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Having read and loved Tom Rob Smith's debut novel Child 44, I had no doubt I'd be reading the follow-up novel The Secret Speech.
The Secret Speech takes us back to 1950's Russia where former Secret Police Officer Leo Demidov lives with his wife Raisa and the two young girls they adopted. The young girls have not forgiven him for his part in their parents murder. It seems they're not the only ones who haven't forgiven Leo... Stalin's successor Khrushchev has written a secret speech and it is distributed to the nation. The speech denounces Stalin as a murderer and, as such, the police are now enemies. With someone intent on revenge, Leo finds himself and his family in more danger than they've ever been.
So, did The Secret Speech live up to its predecessor?
It certainly did. Tom Rob Smith must delight in giving his readers tense and gripping reads. I kept telling myself I'd put the book down at the end of the chapter and go to bed, but found myself reading on through the chapters, needing to find out what happened next.
Once again, the reader gets a real feel for 1950's Russia and the regime its people lived under. The book had me wincing at some of the treatment the characters sustained. How people could do that to other people is beyond my comprehension, but it happens and Tom Rob Smith writes it so you can imagine the scenes all too well. Admittedly, I didn't think The Secret Speech shocked me as much as Child 44 did, but, nevertheless I found it a thrilling read.
If you enjoy thrillers that are tense, gripping and ruthless, then this is a series for you!
If you haven't already read Child 44 then I would recommend doing so before reading The Secret Speech. I'm already looking forward to reading the 3rd book in this series, Agent 6, to find out what Leo Demidov must overcome next.
This sequel to bestselling thriller Child 44 is something of an unfortunate disappointment. Readers of my reviews will recall that the first novel recounted the investigation by MGB Officer Leo Dormidov into a series of child murders, hampered by the Stalinist society that strived to insist that there was no crime. Betrayed at every step by his colleagues and forced to lead his investigation in his own time in secret, constantly facing opposition from his superiors, Leo nonetheless proved he was correct and that a murderer was managing to slip through the system which in turn lead to him getting a promotion of sorts. Now, Leo has his own department dedicated to tracking down killers in a new era of Russia that constantly strives to forget and erase its past. But Leo is facing not just constant scrutiny by those above him, simply waiting for him to fail, but also has to face opposition at home from the two young sisters he has adopted and taken into his home.
Leo welcomes a "new" Russia and welcomes the changes this new time has brought in but the past cannot be just swept under the carpet and, as Leo has already discovered, has a habit of floating back to the surface! When a speech intended for internal use only is released to members of the public, the targets are former KGB and MGB Officers and Personnel who once took part in interrogations and upheld the wholescale persecution of innocents. Soon the death toll is rising as some take their own life and others are hounded to their death. There seems to be a plot behind whatever is going on and, as Leo looks into it following the death of a former close friend, it soon becomes apparent thast someone has a very vested and personal intrest in not just The State but also Leo himself!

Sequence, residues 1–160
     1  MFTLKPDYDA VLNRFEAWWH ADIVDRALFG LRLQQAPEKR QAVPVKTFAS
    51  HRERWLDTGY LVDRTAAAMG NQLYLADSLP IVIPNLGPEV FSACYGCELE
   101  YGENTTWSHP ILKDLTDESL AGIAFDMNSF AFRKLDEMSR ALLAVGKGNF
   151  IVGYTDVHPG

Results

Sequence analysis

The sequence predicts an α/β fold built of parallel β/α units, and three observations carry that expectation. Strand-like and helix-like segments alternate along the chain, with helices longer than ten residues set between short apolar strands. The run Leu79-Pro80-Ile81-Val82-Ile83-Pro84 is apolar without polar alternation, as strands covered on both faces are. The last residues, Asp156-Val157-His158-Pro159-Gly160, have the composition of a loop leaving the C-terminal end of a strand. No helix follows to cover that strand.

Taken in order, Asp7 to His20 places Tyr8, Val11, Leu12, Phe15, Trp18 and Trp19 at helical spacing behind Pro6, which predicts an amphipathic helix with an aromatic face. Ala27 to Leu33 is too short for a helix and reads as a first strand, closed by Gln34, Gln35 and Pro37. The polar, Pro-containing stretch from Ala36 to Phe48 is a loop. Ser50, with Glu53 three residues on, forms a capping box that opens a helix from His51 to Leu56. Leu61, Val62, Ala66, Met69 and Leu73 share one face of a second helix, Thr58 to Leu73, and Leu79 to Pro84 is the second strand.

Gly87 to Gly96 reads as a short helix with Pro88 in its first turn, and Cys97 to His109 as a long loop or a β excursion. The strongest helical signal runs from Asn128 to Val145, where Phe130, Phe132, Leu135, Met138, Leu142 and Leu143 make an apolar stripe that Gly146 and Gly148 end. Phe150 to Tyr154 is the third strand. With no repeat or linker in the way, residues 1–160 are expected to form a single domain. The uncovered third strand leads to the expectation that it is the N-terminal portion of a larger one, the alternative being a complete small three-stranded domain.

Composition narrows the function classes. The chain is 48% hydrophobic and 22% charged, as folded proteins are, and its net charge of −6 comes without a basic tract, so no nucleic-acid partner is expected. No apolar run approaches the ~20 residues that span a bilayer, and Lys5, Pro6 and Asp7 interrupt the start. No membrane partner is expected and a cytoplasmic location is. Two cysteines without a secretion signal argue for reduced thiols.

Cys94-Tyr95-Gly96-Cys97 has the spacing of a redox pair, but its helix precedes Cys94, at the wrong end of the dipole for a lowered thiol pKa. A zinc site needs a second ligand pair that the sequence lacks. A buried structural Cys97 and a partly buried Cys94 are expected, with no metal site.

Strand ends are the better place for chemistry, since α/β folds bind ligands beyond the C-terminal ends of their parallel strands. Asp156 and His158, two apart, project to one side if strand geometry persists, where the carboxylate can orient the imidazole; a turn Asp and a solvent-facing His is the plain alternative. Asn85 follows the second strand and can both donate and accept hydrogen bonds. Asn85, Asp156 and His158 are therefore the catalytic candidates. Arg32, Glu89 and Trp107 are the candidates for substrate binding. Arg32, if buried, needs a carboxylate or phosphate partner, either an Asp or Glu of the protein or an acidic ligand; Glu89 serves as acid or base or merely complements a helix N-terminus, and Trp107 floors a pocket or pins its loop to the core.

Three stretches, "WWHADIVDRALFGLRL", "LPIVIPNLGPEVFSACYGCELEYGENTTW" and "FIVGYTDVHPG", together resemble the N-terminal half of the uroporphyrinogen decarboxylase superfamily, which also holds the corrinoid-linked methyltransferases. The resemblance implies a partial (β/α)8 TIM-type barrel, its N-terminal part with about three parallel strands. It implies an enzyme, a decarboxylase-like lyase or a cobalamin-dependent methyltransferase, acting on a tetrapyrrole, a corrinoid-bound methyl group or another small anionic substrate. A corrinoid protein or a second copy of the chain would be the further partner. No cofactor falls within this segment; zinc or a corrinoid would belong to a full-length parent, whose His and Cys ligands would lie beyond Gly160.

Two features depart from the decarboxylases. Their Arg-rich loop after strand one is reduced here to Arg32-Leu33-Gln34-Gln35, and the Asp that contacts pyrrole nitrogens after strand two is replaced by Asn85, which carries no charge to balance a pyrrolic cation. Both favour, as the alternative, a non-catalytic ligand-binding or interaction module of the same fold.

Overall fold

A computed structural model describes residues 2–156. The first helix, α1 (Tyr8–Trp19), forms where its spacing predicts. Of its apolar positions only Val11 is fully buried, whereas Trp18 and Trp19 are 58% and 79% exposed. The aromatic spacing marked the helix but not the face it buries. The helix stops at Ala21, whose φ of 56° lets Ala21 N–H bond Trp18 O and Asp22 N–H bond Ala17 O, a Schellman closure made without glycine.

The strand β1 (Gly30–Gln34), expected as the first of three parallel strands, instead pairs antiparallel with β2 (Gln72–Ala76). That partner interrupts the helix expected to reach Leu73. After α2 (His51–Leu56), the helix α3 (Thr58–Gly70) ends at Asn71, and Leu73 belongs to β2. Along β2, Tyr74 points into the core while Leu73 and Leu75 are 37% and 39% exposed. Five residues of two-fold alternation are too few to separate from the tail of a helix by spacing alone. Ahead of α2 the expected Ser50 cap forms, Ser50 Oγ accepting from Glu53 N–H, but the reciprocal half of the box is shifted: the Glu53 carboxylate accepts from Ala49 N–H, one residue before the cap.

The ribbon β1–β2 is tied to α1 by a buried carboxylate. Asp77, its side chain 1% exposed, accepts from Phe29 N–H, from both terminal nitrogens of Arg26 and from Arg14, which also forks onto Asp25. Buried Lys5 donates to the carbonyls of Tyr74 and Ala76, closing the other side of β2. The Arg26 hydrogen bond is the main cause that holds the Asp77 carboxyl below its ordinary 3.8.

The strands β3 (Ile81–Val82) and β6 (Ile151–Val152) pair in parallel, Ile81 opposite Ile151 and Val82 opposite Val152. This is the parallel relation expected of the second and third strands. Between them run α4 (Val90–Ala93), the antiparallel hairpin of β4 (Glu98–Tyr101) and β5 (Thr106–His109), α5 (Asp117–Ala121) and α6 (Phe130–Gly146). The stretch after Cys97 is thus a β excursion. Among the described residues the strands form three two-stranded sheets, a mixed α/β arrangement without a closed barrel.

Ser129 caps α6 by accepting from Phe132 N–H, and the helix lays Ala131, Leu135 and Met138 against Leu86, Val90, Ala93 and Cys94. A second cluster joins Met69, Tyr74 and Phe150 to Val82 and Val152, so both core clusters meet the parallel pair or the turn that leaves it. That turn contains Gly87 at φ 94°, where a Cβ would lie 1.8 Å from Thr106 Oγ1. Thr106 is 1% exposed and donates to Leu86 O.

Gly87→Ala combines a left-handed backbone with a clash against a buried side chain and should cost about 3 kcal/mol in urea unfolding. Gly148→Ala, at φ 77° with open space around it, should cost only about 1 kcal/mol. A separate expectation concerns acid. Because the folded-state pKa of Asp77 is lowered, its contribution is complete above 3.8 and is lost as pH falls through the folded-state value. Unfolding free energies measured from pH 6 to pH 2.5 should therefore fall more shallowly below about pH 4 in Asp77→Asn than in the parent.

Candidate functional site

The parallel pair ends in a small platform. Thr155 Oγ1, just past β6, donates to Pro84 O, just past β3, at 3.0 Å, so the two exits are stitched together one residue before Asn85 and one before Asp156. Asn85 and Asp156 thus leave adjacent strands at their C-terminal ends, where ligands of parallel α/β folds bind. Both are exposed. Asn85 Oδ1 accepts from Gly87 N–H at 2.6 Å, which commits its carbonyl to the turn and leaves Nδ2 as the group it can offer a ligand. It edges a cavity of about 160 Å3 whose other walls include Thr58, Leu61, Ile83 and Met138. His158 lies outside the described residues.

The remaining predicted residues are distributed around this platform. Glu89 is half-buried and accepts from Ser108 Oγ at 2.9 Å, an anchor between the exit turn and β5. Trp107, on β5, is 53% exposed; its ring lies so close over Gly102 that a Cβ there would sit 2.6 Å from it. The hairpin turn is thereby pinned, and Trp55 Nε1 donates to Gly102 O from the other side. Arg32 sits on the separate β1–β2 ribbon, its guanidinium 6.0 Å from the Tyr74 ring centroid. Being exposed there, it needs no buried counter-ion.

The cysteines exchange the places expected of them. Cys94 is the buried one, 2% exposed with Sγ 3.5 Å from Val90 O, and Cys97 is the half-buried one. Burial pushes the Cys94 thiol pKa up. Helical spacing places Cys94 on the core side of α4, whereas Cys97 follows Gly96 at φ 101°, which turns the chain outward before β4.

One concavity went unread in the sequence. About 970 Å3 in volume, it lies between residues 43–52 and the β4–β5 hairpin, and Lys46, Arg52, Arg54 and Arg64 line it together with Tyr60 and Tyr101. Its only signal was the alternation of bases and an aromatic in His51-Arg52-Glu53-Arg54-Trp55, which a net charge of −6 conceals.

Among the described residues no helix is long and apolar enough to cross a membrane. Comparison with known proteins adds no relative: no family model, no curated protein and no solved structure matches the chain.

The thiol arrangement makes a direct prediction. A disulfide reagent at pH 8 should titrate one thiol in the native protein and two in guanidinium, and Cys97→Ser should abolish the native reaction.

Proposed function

I really wanted to like this but was a little put off by the excerpt that I read at the closing of Child 44. Nevertheless, I thought I would give this a go because, apart from a few flaws, 44 was actually quite good and took a very interesting viewpoint being set, as it was, in Stalinist Russia where crime simply was not acknowledged unless it was against The State!
The problem with this book is that Child 44 was about a personal journey for Leo as well as being about an unacknowledged serial killer. With Secret Speech, that journey has already been completed so the only way to go is back...into Leo's sordid past! This is okay but doesn't really work that well with the bits of the story that follow on from 44 and the more weaker aspects from that first book seem to simply be extrapolated and expanded on here! Some of the action scenes rang a little false in 44 and here there is much more of those, supposedly pampering to what the publishers think the audience is after when instead what would've been nicer is a much more competent thriller that closer resembled the more stronger moments of Tom Rob Smith's admittedly very good debut instead of the weaker!
I do not like either the way that all speech is conducted in italiacs still with no speech marks or proper pronounciation! I am not a grammer nazi by any means but did not like the way conversations were conducted in the first book so am even less keen on them here! It is the first time I have seen speech transcribed this way in a novel and I must say I am not impressed by it! If this had been a better story, maybe I might have ben able to make allowances!
All in all, I am making this sound like I didn't enjoy the book and that is wrong! It was okay but, I felt, distinctly average from someone who so impressed first time around! I thought with book 2 that some of the teething problems might have been resolved, instead it seems as though Tom Rob Smith has actually taken a step, like that of his main character, backwards. And that is a shame....
Therefore I would reccommend this only if you were totally blown away by Child 44! Anyone who, like me was impresed but thought the author could do better would be advised to pick up something else because this is okay but simply no better than that!